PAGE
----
Thursday, May 14, 2009

The unquestioned logic of teaching through an unfamiliar language

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At least Bartimeus knew that he was blind. Upon hearing that Jesus is in town, he cried like crazy calling for Jesus to come and make him see.

For decades of struggling to use an unfamiliar language in classrooms for the supposed intention of formal education which is to enlighten ignorant minds, no loud objections have ever been raised. Making learning a torturous experience by using English in classrooms when the teacher can very well speak the child’s home language, has long been an unquestioned logic. It was like speaking, reading, and writing in English and being educated are one and the same. Teachers overlooked the fact that the real purpose of education is to enable children to see and understand the world clearly. A perplexing thought especially if we consider that teachers spend at least four years analyzing the process of learning. Children who failed the mark and eventually dropped out were blamed for being slow or problematic.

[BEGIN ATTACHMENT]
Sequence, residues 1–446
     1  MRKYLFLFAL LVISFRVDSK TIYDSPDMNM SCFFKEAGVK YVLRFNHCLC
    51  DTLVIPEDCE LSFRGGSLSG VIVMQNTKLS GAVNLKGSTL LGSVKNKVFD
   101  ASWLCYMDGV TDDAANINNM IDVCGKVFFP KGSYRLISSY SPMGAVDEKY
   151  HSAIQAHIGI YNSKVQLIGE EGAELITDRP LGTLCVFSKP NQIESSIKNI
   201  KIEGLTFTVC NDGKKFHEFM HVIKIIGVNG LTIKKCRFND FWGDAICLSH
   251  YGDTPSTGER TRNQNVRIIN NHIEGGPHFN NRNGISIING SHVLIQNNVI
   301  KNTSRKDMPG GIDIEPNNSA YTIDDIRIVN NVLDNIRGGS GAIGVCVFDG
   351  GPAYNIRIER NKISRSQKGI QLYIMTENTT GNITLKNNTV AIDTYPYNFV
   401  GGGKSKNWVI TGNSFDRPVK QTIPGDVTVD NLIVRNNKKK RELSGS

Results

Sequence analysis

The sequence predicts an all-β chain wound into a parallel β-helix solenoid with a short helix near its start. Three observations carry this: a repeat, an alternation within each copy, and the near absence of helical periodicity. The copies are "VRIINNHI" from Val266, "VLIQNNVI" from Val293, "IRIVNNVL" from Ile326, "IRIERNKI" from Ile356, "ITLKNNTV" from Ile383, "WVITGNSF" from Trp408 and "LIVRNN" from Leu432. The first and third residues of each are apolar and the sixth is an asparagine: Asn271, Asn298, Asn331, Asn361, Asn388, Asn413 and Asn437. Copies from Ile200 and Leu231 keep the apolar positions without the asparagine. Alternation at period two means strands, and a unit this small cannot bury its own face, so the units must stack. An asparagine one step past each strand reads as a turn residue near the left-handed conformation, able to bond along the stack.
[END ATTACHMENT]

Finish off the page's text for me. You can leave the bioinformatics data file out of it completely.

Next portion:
Actually, one does not need to refer to sophisticated theories and research reports to understand that teaching thru the child’s home language is most logical. The ancient book tells us that when God wanted to build a relationship with human beings, he became like them. He, known as the Greatest Teacher, was born and spoke the human language. In one episode in Jerusalem God enabled his followers to speak miraculously in various tongues so that they could communicate the gospel to all the out-of-town visitors who trooped the city for the Feast of Pentecost.

I guess seeing the light is not the first thing we need. The first miracle we direly need is to realize and accept that all along we are blind and cannot see, and had the gumption to call ourselves “a teacher.”